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Coach Drama

With Van Gundy's exit, is the age of heroic headmen nearing an end?

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When it comes to sports, New York has lacked a true hero for a long while. Not just a player who performs brilliant feats -- there've been many of those -- but someone able to exploit the full theater of it, to hog the spotlight, to turn the city into his own stage. Mike Piazza was supposed to do this, but he turned out to be too moody and laconic. Derek Jeter, for all his preening and strategic dating, has no personality. Latrell Sprewell arrived with too much baggage. And Mark Messier, well, he has probably come closest, but he's too much of a weirdo. (Also, he's a hockey player.) Not one of them could lay a glove on Joe Namath or Walt Frazier or Reggie Jackson.

To fill this void, a strange thing happened -- coaches became the heroes. Or maybe, since they certainly don't look like heroes, it's more accurate to say that they became the dramatic figures through whom we experience the ups and downs of their teams. Jeff Van Gundy, Jim Fassel, Joe Torre, these are the guys we have depended on. And lately, they've been letting us down.

We start with the oddest duck of all, the dearly departed Van Gundy. He was the most thrilling dramatist. He made it feel okay to be a Knicks fan because he felt so damn bad. Torn to shreds by defeat, unmoved by victory, Van Gundy took everything so deeply to heart that we didn't have to. When, for the first time in his head-coaching career, the Knicks made a premature exit from the playoffs last season, fans almost had to feel grateful the suffering was short. What would another few rounds have done to poor Jeff? Would his eyes have sunk all the way to the back of his head?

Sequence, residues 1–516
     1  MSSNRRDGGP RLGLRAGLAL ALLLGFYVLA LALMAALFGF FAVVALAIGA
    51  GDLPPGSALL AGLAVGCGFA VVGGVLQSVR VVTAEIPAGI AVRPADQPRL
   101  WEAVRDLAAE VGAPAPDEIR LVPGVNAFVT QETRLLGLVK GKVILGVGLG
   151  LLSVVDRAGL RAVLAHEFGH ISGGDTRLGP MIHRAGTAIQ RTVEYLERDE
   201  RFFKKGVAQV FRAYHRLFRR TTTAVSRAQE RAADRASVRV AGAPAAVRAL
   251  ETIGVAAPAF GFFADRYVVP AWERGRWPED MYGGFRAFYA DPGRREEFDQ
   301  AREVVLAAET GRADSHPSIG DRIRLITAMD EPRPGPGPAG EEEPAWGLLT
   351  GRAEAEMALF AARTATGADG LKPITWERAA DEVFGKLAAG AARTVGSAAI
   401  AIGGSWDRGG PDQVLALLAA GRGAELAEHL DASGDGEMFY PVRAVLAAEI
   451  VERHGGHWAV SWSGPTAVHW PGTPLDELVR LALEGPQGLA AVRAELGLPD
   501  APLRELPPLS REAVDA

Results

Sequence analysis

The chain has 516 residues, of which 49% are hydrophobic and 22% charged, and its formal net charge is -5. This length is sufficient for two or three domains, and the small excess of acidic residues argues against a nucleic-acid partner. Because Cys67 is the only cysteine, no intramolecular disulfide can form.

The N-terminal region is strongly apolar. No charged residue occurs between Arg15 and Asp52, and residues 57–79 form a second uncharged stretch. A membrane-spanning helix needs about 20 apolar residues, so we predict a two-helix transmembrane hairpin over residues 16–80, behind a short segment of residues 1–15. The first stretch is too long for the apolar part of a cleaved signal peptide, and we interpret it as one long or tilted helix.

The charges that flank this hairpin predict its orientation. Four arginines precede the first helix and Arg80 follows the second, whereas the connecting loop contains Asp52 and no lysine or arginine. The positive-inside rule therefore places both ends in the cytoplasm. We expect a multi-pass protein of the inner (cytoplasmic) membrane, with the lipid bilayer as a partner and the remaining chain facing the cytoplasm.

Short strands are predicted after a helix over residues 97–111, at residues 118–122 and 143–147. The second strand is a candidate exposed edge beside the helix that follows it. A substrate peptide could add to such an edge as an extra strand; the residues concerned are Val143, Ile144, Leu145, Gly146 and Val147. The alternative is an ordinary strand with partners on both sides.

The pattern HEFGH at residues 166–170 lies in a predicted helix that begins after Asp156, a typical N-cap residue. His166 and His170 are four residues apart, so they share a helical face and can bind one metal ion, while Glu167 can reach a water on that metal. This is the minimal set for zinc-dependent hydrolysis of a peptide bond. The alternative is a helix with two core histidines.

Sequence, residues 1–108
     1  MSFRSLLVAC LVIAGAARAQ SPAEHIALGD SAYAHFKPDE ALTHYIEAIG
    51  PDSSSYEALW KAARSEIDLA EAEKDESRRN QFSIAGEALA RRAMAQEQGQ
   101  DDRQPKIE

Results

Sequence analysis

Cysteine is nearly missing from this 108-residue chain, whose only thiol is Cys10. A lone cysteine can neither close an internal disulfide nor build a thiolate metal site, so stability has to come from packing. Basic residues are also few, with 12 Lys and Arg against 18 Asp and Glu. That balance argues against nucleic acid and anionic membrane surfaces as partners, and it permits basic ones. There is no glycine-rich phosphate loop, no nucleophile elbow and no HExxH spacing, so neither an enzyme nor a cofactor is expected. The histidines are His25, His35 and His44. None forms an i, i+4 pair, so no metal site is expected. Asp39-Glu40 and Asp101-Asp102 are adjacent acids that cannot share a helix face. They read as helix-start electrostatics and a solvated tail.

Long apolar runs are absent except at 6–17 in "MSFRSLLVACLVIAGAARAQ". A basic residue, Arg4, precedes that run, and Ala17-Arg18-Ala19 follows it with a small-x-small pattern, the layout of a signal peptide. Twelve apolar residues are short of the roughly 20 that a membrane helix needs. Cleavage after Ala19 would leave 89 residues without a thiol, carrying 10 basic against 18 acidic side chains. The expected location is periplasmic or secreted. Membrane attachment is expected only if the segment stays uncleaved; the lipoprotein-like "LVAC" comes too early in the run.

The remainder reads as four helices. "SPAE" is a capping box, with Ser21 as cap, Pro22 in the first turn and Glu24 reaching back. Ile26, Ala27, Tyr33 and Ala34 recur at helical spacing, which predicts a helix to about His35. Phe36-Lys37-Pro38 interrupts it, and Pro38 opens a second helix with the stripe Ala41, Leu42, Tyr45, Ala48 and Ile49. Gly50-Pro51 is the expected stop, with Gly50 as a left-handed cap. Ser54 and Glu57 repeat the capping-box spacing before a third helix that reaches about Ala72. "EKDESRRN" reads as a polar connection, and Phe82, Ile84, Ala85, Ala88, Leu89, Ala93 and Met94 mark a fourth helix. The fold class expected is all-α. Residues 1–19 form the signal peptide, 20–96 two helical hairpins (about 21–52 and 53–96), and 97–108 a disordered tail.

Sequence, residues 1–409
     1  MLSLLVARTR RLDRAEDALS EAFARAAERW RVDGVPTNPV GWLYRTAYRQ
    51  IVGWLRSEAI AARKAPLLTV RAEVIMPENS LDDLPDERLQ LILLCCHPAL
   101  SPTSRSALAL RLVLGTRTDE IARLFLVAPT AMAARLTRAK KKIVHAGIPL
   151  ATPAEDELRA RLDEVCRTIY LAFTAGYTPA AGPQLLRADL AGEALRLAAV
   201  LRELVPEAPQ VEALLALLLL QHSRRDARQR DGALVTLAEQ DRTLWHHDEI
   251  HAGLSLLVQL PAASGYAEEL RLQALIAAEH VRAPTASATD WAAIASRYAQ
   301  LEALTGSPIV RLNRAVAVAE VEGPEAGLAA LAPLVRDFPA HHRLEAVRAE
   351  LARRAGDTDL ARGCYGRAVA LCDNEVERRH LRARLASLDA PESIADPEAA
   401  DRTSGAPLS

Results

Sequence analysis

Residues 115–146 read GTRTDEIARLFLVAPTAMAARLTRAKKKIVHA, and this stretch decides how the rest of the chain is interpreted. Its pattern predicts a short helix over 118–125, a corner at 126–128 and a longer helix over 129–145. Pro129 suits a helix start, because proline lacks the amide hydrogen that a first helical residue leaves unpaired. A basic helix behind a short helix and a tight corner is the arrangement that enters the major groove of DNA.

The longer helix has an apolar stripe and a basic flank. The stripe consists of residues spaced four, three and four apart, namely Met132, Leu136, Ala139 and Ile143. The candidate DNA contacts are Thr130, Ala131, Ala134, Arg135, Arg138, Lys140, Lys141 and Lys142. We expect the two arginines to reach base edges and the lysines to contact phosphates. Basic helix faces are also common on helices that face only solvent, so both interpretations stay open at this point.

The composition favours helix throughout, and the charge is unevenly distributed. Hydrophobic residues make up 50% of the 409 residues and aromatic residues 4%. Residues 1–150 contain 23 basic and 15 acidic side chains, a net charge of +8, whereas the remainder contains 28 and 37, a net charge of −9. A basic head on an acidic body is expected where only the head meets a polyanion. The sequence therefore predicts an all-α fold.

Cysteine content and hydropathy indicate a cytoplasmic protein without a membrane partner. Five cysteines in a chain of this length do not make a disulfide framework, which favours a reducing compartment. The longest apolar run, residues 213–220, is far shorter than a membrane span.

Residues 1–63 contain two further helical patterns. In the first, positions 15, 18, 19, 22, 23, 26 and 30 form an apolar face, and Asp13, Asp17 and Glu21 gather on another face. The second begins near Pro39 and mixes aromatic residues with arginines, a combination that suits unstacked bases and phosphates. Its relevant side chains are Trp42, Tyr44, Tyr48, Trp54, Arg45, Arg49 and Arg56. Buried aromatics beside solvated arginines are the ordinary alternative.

Like any normal person, Van Gundy decided not to put himself through this anymore. Good for him, but lousy for us. We don't want Jeff to be like a normal person. We always knew his era would end, but we expected drama -- a breakdown or a fiery exit of some sort. This "Now I can have lunch with my daughter" stuff hurts. It hurts because the pain and agony of the Knicks are all ours again.

Speaking of pain and agony, there are the Giants. Last season, Jim Fassel surprised us. With two thirds of the games complete and the team underachieving, he morphed into a Lombardi-esque ass-kicker and guaranteed they'd make the playoffs. "This is a poker game," he said, veins bulging from his head. "I'm shoving my chips to the middle of the table. I'm raising the ante." It was weird, a Dan Rather moment. Fassel, the brainy offensive guru, was now breathing fire -- or trying to, anyway. Weirder still, it worked. The Giants made it to the Super Bowl.

Cut to this season: The Giants have reverted to their old ways, but Fassel has been unable to fix on a role for himself. Some days, he's got the veins going; others, he's that mild-mannered technique guy, trying to explain why things aren't going right. Occasionally, a disastrous season has its pleasures; you can see tomorrow's victories taking shape in today's trouncings. But Fassel has not helped us see that.

Finally, there is Saint Joe, the kindly, patient genius who found a way to mute Steinbrenner's lunacy and make the Yankees winners again. But he, too, stepped out of character recently. Why, oh, why did he have Mariano Rivera start the eighth inning of Game 7? Why not save him for a vintage one-inning, lights-out appearance in the ninth and let a fresher Ramiro Mendoza in? Why did Torre, always so careful, pick this moment for a rare misstep?

Oh, well. Questioning Torre gets you into trouble in this town, which, given his record, it probably should. And in any case, the era of the coaches may be in its waning days. Steinbrenner is reopening the vaults, and one of his priceless imports is Jason Giambi, an outsize personality who should give the Yankees their first theatrical sensation since Reggie. We're ready for him.


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